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OS: Debian Sid with kernel 3.2.0-1-686-pae
CPU: Core2Duo 7500 @ 2.93GHz
Mother Board: Asrock G31M-S R2.0
Memory: 2 sticks of 2 Gb each. (I think they work at 800 Mhz).
Graphics card: nVidia GeForce 7300 GT.
Since about 2 or 3 weeks ago the computer freezes randomly and all of a sudden with no apparent reason (it has happened about 6 times during this period). I have checked /var/log/kern.log, /var/log/messages and /var/log/dmesg and they never show anything by the time the freezes have occurred. At first I suspected it could be caused by a defective memory stick, so I grabbed a LinuxMint CD and let memtest86+ run during 7 hours, but when I came back, it had not found any memory error. I haven't made any hardware or BIOS change recently and this is a computer I put together about 2 years ago (this didn't use to happen before; it was completely stable).
BTW, I'm not sure if this is a hardware problem or a software problem, but for the type of freeze it seems to be hardware-related (everything just freezes completely and suddenly, as I said before; if, for example, I'm listening music, the sound just keeps repeating itself, the pointer gets stuck at one point of the screen, etc). So far it has only happened on Debian Sid, but it's almost the only OS I use on this machine; though I have Windows and Ubuntu installed as well, I never used them.
How can I know what is causing these freezes? Should I let memtest86+ run longer (if so, how many hours)?
Hi kuser. Thanks for the links (and the warning). I can watch youtube videos, I'll take a look later. I booted a CD with memtest86+ and will let it run for 12 hours to see if it finds some error, then I will try to find a DVM to measure the voltages.
Be sure to use caution when making any measurements. One hand rule! Place your reference probe(power ground) via clip then be sure to use one hand to hold the other probe to measure. Do not ground yourself.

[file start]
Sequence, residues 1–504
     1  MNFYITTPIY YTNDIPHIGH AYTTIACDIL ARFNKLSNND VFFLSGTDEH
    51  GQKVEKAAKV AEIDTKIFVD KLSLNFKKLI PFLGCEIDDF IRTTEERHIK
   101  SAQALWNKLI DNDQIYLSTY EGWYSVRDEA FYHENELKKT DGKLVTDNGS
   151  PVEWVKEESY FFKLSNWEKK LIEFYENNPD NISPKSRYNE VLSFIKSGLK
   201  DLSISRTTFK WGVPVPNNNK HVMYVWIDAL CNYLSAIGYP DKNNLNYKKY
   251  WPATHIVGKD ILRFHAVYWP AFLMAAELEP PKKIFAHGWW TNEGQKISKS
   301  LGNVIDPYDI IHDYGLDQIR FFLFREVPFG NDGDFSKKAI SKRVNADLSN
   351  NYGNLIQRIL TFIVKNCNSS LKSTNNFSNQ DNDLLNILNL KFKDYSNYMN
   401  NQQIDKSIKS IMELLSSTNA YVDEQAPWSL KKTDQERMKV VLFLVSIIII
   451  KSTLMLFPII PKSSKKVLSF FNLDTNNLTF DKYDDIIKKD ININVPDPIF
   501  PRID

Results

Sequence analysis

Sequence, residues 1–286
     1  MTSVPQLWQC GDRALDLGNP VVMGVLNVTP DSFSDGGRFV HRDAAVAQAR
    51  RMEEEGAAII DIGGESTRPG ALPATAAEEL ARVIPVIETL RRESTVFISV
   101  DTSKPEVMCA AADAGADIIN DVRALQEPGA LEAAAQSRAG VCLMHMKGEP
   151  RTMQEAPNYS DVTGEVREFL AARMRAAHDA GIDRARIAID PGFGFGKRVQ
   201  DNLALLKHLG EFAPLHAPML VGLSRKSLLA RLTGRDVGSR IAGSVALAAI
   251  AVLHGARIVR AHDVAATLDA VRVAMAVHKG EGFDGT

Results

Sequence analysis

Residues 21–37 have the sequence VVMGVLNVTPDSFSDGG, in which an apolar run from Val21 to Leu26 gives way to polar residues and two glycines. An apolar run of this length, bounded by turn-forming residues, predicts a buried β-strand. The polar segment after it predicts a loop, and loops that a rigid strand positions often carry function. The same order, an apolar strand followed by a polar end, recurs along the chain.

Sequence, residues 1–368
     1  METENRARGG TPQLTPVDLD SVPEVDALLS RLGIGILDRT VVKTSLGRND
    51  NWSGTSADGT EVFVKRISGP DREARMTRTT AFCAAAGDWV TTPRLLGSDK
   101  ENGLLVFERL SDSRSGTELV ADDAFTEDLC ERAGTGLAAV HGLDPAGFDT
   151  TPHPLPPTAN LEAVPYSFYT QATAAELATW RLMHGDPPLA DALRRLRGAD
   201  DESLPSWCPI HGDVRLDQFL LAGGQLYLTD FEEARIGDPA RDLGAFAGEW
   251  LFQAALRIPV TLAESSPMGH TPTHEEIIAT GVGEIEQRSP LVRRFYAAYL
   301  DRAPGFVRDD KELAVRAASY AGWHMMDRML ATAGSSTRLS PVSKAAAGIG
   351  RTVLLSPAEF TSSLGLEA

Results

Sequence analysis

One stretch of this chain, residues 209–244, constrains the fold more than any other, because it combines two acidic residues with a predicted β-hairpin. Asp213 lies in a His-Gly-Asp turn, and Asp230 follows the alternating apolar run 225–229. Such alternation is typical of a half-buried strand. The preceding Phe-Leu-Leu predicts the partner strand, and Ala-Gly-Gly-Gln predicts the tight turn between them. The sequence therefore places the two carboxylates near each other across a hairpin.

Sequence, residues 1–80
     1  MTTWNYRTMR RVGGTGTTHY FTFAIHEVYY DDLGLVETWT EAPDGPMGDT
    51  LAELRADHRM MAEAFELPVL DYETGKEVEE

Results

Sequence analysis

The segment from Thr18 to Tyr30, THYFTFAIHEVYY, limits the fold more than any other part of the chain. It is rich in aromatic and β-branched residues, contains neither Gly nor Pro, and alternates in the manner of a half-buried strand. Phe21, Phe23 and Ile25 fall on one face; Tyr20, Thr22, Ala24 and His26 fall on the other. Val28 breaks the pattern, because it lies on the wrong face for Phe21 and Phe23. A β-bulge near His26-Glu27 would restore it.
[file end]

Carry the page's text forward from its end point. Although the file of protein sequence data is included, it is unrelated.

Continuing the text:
Be sure to have the pinout for the measurement points. ATX pinouts. Use caution! Always be safe.
If you've got away with running memtest for a 7 hours, I doubt its your RAM.
I'm suprised that nobody has suggested cleaning the CPU heatsink out. Overheating CPUs can cause random lockups, etc..
You can normally check the voltages from inside the BIOS. Its not as accurate as using a voltmeter, but it at least gives you a good idea of where the voltages are.
The only problem with using the BIOS voltages is that you cant check when you put the machine under load, which is where power problems are mostly likely to happen.
Why did you change the PSU?
I'd be very careful with brands like 'delux'. Its better to have a good quality power supply than some cheap 'yum-cha' junk with a 600watt sticker on the side......
I checked the heatsink and though it's a little bit dusty, I don't think it's as dusty as to cause any malfunction. I also used cpuburn (a cpu stress program) for about 5 or 8 minutes, checked the CPU temperature and they didn't rise too much during this time; from 38║ C idle to around 52║ C under load, although it probably would have rised more if I had let cpuburn run longer; (the machine didn't freeze during the stress test).
I also let memtest86+ run for 12 hours last night and it didn't find any error, so I guess we can discard the memory sticks from the list of suspects.
Now I'm starting to be suspcicious about the PSU. I replaced the one I had before because the machine just stopped working one day (it didn't even beeped, no leds, the PSU fan didn't spin, etc.); so I took this one I had bought like 2 years ago but had not used, connected it, and the PC worked again. Will have to do the voltage test these days to see what I find. BTW; in case I decide -or have- to buy a new PSU, which brands would you recommend?
Yes, I'm using the nvidia binary driver available on the Debian repositories. I'm not on my PC right now to check, but according to this, the nvidia-glx package on Debian Sid is at version 295.20-1 at the moment, so I probably have this version installed. In fact, if memory doesn't fail me, the nvidia-glx package was upgraded to this version about 2 or 3 weeks ago, around the time the problem started happening, so it might very well be the driver causing issues. Now, in that thread you say you could type "reboot" to reboot the machine; can you switch to a virtual console when it happens? In my case I can't because the system is completely frozen and unresponsive when the problem occurs, so I can't switch to a virtual console in order to reboot.
Fortunately, it hasn't happened to me for over 3 weeks now so I can't verify it. As far as I remember that time it froze while I was in X and a terminal was open, music was playing, etc., so I typed 'reboot' in sakura and it worked (rebooted). In my case it was clear that it's not the system itself that froze, just the display. I've been using nouveau drivers for some time now and it works fine.